Indiana announces $2B in reserves, taxpayer refunds
Gov. Mitch Daniels said Tuesday that Indiana ended its fiscal year with $2 billion in reserves and a $500 million surplus, meaning refunds to taxpayers.
The 2012 fiscal year ended with reserves of more than $2 billion. Taxpayers will see a refund between $100-$200. The key is if the state's reserves exceed ten percent of the upcoming budget, half of the excess is to go back to taxpayers. The current reserve represents 14 percent of the state budget.
"Thanks to that amount and the overage beyond the 10 percent of our next year's budget there will be a major infusion of cash for pensions funds which are already the strongest in the country and the first automatic taxpayers refund in history," Daniels said. "That amount will be - now it's clear - more than $100 per person, more than $200 on a joint return which is the most of the returns and just to size that for you in the previous year, the median income tax payout by a Hoosier was $819. So what we can say today is we have a double digit discount for the typical Indiana taxpayer."
Roughly $300 million would go to 2013's tax credits and another $300 million would go toward the state's unfunded teacher pension liability.
The final report from the Office of Management and Budget and the auditor's office will be complete by the middle of the month. The surplus will certainly be attractive to the next administration and the next legislature in January.
But on the street, Hoosiers seemed a little hesitant about the news.
"I think it is a political stunt, somewhat," said Jim Zetzl. "You have already collected it. The people are not waiting for the money, you are just trying to score political points, is what I am thinking. I would rather see that money put to other uses."
"I think it's well-deserved. Budgeting process got a little out of whack the last couple of years. We were told we don't have the money we do have. We get into these circumstances, why not get some money back? Why shouldn't it go into our pockets?" said Duane Merchant.
"Money is great, but I am hoping it doesn't cause problems. Sometimes you need to reserve for it, too, so giving it away is great now, hopefully it will help the economy," said Donna Megregion.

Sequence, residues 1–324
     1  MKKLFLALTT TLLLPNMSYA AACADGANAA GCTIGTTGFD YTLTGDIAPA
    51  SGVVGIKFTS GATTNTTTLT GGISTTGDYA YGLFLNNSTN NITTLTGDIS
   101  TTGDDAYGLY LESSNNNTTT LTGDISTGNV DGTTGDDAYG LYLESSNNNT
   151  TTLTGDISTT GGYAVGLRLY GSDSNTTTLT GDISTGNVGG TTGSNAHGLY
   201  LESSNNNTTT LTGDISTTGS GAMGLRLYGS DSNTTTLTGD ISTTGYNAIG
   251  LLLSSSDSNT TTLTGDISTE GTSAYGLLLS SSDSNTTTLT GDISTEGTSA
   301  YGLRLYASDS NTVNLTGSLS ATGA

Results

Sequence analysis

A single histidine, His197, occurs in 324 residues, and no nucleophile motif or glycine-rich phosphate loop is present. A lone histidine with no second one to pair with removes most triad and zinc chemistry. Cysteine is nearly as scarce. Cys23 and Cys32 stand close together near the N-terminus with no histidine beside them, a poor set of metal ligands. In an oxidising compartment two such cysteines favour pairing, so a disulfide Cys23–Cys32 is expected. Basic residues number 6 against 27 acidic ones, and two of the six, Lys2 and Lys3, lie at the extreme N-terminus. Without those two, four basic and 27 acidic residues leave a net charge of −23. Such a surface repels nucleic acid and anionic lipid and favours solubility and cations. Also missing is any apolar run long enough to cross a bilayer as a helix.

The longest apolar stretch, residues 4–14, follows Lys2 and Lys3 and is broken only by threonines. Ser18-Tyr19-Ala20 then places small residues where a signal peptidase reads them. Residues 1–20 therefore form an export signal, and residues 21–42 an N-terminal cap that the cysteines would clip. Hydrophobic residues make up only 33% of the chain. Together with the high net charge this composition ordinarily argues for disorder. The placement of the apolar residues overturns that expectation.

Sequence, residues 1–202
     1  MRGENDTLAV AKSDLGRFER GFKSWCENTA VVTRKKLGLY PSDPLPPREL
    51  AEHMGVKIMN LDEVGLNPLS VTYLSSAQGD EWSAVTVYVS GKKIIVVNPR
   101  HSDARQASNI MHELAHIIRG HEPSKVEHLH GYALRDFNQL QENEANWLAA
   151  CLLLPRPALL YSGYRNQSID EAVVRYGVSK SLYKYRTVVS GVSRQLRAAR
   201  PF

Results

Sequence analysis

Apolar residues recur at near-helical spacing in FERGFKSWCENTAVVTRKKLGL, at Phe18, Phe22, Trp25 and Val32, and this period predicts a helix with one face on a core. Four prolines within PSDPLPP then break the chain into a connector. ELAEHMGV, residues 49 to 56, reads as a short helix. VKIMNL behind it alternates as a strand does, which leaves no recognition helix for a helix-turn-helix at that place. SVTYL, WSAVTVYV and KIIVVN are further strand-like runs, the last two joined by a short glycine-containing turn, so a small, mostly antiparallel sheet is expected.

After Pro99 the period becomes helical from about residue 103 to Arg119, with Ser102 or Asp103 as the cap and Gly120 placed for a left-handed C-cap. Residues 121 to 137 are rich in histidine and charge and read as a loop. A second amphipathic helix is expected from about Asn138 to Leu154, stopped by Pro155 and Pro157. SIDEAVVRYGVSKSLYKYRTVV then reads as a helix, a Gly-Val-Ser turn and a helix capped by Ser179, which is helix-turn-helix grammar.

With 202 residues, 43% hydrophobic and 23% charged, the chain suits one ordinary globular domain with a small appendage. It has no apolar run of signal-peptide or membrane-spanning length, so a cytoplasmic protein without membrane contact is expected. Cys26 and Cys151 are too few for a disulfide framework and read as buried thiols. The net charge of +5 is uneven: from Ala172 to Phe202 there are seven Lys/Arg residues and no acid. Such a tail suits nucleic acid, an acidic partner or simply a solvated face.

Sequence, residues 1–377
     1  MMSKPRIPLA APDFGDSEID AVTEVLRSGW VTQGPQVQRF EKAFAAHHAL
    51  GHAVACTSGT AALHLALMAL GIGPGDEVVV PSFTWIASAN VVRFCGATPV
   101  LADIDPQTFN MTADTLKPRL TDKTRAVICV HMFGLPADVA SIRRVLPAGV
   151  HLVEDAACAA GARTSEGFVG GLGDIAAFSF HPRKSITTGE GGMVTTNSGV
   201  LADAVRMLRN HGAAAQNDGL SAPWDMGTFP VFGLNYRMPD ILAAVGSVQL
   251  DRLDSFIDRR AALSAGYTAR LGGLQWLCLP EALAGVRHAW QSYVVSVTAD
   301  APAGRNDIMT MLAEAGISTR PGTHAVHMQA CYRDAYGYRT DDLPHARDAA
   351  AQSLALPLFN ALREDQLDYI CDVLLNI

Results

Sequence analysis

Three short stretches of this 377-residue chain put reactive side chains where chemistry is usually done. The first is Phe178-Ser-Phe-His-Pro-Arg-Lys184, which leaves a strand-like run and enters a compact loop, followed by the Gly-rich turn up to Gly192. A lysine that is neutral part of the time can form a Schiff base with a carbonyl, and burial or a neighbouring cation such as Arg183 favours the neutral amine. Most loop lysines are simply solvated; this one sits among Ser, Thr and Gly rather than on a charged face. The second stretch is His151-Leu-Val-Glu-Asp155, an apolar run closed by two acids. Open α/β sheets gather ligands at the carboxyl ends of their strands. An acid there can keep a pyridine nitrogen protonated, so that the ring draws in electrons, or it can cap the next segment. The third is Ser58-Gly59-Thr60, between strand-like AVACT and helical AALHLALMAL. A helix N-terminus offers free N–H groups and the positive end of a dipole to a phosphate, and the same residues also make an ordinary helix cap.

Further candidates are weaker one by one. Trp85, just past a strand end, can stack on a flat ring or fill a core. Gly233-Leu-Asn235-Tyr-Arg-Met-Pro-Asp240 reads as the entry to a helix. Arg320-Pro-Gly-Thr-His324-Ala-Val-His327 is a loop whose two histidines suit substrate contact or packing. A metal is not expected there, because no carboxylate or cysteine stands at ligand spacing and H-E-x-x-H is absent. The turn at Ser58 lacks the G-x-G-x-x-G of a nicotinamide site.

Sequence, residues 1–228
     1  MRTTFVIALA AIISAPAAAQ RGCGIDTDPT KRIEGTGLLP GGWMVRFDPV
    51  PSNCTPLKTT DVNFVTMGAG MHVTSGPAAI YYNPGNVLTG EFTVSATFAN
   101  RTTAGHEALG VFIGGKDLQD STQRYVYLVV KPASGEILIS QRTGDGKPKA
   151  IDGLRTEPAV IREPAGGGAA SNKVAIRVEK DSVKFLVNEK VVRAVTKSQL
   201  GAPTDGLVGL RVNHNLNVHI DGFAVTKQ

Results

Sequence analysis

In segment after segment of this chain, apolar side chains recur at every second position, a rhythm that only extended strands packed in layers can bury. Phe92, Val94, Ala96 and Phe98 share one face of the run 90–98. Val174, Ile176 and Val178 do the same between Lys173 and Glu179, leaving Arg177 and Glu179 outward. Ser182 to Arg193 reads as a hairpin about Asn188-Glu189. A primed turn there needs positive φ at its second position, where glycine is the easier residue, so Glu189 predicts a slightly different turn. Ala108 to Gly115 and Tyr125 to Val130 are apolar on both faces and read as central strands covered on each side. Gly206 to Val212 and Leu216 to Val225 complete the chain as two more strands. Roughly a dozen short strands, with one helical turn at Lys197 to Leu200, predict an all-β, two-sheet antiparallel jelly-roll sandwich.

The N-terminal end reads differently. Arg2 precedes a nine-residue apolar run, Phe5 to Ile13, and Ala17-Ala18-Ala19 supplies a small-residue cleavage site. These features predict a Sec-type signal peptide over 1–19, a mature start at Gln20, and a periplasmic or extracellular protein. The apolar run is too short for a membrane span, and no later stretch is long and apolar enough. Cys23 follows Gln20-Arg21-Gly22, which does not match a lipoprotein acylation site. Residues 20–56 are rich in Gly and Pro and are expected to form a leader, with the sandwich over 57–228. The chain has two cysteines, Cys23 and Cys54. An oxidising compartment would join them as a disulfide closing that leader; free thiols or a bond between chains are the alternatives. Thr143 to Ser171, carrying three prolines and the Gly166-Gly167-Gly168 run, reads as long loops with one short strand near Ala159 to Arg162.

"It is certainly not going to reverse our fiscal fortunes," said IU Professor Justin Ross.
In a down economy, giving money back may make political hay, but does it make good policy?
"That is the open question. I don't think we should be thinking about this at the moment as, really, an economically stimulative program?" Ross asked.
Ross believes the future is still too fuzzy for a rebate.
"There are some big lumpy costs coming around. Revenues remain somewhat uncertain," he said.
He says the state will need at least $2 billion to meet the new health care mandate. Daniels said the surplus came from some of the areas Ross believes will need the money down the road.
House Minority Leader Pat Bauer congratulated the governor for hitting the surplus, but then added, "What were the human costs paid in order to achieve this goal?"
There is also the case of the unemployment trust fund. The state still owes almost $2 billion and that has to be paid, but the governor says that comes out of a separate fund, instead of the general fund and then there are the cuts agencies and education has had to make.
"I would remind them that K-12 education is 56 percent of the entire state budget. The biggest, number one in America. Not number five or four or two, number one," Daniels said. "And it's only there because we have made it top priority and were so careful with everything else."
The governor released preliminary results on the end of the state's fiscal year during which his administration disclosed it lost track of more than $500 million in tax revenues. The fiscal year ended June 30th.
Meantime, the State Budget Committee is preparing to hire an external auditor to look at how the tax money was mishandled.
The review follows the December disclosure that $320 million in corporate tax money collected over several years hadn't been properly deposited in the state's general fund.
State officials then announced in April that $206 million in local income tax revenue wasn't properly distributed to counties.